This blog discusses portable heritage and heritage issues from an archaeological point of view. Here you will find many quotes from many sources, some archaeological, to illustrate the points I make. Certainly those spotted on "metal detecting" forums are a minority here. This is MY blog, and the points I am making are MY points of view.

In writing what I believe about all this, I of course quote actual words of the people whose views I am talking about to show I am not just making this all up. Nothing wrong with that. On the contrary. I attempt to provide a hyperlink to the original source of them all (as is usual in academic writing anyway) precisely SO that readers can check the context they come from. I actively encourage my readers to join MD forums to check out that context and have a good look at just what it is you all discuss there. I really do not think you can have any complaints that I am not encouraging people to explore the context of my remarks for themselves. No “cheap shots” here, just trying to use the source material that (for example) online forums and blogs supply to justify my taking another view of the antiquities collecting and trade they extol.

As in anything, the reader must ultimately make up their own mind using the material I present in support of my arguments in comparison with what they learn from other sources. Instead of answering or ignoring the points made, on the whole British metal detectorists have always (on the CBA’s Britarch discussion list, the PAS Forum and many other places) simply responded with aggression, harassment and personal attacks. This says a lot about their ability to provide counter arguments.

There are some 110 + posts here, many of them with their quotes from forums and blogs, a minority of them (so far) have dealt with British “metal detecting”, and yet it is ONLY from this milieu that – up to now at least – the writer of this blog has been receiving any aggro. That must mean something surely.

Lincoln says: “I chose to post your contact details for all and sundry to see and use for their own purposes”. It was a bad choice, what you need to do is answer the points made [to which that picture was merely a decoration]. In answer to Derek Fincham I made a point about how PAS gather their data for their database, would you say as a British “metal detectorist” that what I said is wrong? I think that is far more relevant to the topic of this blog than why you "decided" that somebody would welcome having their home address published on a “metal detecting” forum where its members could use is for (in your own words) “their own purposes”. In the circumstances, it was an ill-considered decision Mr Lincoln.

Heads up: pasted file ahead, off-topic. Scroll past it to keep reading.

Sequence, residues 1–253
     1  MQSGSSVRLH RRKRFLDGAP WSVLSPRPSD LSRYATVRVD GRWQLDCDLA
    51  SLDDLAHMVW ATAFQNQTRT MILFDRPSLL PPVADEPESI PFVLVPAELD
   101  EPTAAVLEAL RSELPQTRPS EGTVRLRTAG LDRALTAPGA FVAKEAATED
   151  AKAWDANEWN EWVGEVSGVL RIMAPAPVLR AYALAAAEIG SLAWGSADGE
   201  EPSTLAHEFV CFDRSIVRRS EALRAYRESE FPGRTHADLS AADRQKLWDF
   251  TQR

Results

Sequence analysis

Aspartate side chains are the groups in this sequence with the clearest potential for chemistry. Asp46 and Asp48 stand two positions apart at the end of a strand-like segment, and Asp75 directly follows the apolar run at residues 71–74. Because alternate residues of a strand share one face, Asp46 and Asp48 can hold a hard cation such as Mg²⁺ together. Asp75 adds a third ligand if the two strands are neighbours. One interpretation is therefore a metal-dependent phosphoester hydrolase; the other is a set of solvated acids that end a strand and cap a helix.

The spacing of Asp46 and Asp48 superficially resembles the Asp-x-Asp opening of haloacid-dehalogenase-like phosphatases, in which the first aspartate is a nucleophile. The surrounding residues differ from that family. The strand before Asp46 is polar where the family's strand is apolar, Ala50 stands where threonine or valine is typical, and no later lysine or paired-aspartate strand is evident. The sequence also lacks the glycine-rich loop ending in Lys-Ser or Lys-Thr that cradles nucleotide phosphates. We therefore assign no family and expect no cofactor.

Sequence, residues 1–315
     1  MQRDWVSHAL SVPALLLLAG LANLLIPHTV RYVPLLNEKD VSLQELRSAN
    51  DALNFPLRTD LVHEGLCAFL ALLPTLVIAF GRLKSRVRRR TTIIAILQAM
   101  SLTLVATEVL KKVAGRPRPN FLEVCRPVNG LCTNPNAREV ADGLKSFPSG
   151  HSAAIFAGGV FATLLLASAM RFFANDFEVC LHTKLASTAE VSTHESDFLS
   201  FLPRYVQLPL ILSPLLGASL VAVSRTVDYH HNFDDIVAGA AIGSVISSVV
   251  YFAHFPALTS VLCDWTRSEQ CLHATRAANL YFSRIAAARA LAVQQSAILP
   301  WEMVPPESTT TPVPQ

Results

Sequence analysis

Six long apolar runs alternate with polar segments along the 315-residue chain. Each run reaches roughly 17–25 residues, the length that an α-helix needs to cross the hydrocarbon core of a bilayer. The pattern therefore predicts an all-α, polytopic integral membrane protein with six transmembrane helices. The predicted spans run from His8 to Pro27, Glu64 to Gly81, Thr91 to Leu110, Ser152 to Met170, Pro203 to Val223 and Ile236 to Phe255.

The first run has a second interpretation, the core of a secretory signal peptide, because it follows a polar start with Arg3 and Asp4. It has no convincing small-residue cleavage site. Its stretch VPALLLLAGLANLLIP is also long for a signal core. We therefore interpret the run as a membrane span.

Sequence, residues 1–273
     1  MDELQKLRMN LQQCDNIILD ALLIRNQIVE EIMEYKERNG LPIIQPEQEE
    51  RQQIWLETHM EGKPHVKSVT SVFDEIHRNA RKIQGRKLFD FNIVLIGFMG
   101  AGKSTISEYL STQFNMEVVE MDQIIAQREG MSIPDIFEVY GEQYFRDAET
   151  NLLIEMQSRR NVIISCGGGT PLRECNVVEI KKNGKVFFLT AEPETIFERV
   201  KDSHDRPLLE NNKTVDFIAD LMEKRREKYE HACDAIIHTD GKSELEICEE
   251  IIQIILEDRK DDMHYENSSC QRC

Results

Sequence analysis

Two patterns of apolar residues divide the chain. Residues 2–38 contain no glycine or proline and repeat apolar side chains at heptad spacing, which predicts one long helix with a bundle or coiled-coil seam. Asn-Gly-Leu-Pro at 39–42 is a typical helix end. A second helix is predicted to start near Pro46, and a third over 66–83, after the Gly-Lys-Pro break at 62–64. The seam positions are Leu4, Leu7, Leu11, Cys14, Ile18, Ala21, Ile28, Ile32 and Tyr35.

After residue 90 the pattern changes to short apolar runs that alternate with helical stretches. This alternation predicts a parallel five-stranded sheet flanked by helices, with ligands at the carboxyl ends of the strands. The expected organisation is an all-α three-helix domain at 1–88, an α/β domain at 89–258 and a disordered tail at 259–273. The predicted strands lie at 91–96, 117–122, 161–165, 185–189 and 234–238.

Paul Barford said...

In reply to "Sheddy"'s comments, somebody has just pointed ou to me that the prime reason why points made in this blog about "metal detecting" might be difficult to see in context as he suggests is the fact that the metal detecting forums from which they come simply do not have public archives. It's all hidden away. In order to follow the links I give, the reader of this blog has to first register on that forum to even SEE what it is to which I refer. I expect not everybody can be bothered to go through that rigmarole just to follow a link on this blog.

"Metal detecting" in Britain exploits a common resource, the country's archaeological heritage; surely as part of the contract that current policy has with artefact hunters in England in Wales should be a willingness on the part of "metal detectorists" to share with the public whose heritage it is their discuissions about just quite what it is they are DOING with that heritage.

If it is hidden away where most people cannot see it, then it could be argued that it is in the public interest that those of us who care bring these points out into the open. What have "metal detectorists" got to hide?

Lots, I would say. But please gentle reader don't take my word for it, take a few moments to register on a few of the forums I linked to earlier and take a look for yourselves and make your own minds up what this "metal detecting" is doing to the archaeological heritage of Britain. And see if Derek Fincham is right to hold THIS up as a model to be emulated elsewhere.